We remain amazed, on a nightly basis, by the way Rachel Maddow is drawn to Locking Them Up. Consider the current circumstance:
In the current circumstance, our liberal elite can't conceive of the possibility that William Barr, rightly or wrongly, actually believes that the prosecutions of Cohen, Flynn and Stone were a type of politicized sham. For ourselves, we can't imagine why any liberal or progressive would have any faith, at this point, in prosecutions which were closely connected to Comey.
That said, the call of the tribe is loud. Plainly, our tribe can't even conceive of the possibility that someone else—in this case, Barr—could actually believe, rightly or wrongly, that he is doing something right by challenging or examining these particular prosecutions.
Sullivan is describing the mental impulses which arise during times of revolution. As Sullivan notes, these dimwitted impulses may even emerge in pursuit of revolutionary values which are long overdue and good.
In fairness, some people may believe that this type of upheaval is the only way you can actually get something done. Almost surely, that isn't true. But, as David Letterman and Gallagher proved, we humans do like to smash things!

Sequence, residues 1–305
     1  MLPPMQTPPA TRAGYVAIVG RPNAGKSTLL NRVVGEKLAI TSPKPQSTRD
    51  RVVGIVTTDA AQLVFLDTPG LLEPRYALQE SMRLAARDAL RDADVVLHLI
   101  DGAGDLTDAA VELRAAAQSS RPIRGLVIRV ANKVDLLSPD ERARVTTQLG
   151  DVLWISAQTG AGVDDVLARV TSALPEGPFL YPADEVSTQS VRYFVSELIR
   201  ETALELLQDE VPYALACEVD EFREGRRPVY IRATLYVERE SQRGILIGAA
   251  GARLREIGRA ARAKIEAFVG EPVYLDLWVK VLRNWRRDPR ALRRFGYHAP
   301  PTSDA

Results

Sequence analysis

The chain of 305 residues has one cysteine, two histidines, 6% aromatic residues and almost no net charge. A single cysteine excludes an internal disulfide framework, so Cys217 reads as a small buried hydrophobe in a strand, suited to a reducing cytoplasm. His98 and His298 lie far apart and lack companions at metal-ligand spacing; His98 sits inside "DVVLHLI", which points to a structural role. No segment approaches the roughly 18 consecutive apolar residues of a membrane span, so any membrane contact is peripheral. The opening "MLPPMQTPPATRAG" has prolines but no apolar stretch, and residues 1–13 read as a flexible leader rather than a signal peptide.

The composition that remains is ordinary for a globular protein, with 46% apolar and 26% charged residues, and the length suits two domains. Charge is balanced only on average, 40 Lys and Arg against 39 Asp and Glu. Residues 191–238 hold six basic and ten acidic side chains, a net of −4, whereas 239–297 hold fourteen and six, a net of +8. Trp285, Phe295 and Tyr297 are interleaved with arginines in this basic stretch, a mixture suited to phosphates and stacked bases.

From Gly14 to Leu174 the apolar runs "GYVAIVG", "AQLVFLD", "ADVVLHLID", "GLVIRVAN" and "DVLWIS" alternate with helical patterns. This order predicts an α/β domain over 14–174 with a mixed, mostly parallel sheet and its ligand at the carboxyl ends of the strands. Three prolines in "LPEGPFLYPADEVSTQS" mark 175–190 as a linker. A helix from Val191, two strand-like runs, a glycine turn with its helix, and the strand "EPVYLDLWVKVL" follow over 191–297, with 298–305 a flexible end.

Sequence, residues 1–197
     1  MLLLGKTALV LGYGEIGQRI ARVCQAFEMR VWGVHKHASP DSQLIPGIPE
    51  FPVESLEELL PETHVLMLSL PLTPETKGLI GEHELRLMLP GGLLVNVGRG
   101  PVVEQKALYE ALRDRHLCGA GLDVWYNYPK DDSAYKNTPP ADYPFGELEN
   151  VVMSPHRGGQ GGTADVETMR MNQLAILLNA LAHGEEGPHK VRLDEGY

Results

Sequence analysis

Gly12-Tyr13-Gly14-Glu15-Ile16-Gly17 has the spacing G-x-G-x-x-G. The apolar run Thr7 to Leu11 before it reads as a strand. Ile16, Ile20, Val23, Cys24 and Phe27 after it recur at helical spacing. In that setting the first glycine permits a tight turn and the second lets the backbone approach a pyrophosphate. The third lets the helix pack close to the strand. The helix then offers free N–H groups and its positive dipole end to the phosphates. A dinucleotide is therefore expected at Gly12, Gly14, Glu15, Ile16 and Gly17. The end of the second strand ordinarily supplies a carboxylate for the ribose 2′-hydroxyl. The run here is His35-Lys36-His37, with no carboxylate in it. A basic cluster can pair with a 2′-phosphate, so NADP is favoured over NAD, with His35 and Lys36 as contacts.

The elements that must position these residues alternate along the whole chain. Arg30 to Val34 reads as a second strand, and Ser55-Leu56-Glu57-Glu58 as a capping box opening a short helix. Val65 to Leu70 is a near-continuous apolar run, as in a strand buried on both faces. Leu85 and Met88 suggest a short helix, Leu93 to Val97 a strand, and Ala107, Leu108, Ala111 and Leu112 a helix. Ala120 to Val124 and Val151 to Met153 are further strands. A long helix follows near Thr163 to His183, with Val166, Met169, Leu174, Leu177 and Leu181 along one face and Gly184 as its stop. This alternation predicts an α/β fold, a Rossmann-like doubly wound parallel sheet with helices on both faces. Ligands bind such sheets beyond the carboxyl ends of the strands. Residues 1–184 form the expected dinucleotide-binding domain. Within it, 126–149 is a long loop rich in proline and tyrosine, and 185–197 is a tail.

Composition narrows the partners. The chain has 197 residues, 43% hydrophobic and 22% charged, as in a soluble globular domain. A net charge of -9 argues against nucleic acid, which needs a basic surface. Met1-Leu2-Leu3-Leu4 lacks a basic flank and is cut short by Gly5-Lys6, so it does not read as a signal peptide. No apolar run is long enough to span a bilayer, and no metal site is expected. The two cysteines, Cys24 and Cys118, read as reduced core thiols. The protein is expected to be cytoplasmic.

Our human brains just aren't real sharp. Meanwhile, as a group, we're unable to notice this fact. Our mobs start to rampage through the streets. Those who aren't inclined to mouth their new sacred phrases will be frogmarched away.
How poorly do our human minds actually work? Consider the later Wittgenstein! According to Professor Horwich, this is what he did:
HORWICH (3/3/13): Wittgenstein claims that there are no realms of phenomena whose study is the special business of a philosopher, and about which he or she should devise profound a priori theories and sophisticated supporting arguments. There are no startling discoveries to be made of facts, not open to the methods of science, yet accessible “from the armchair” through some blend of intuition, pure reason and conceptual analysis. Indeed the whole idea of a subject that could yield such results is based on confusion and wishful thinking.Say what? Our allegedly greatest thinkers have been tangled up in "the misbegotten products of linguistic illusion and muddled thinking?"
This attitude is in stark opposition to the traditional view, which continues to prevail. Philosophy is respected, even exalted, for its promise to provide fundamental insights into the human condition and the ultimate character of the universe, leading to vital conclusions about how we are to arrange our lives. It’s taken for granted that there is deep understanding to be obtained of the nature of consciousness, of how knowledge of the external world is possible, of whether our decisions can be truly free, of the structure of any just society, and so on—and that philosophy’s job is to provide such understanding. Isn’t that why we are so fascinated by it?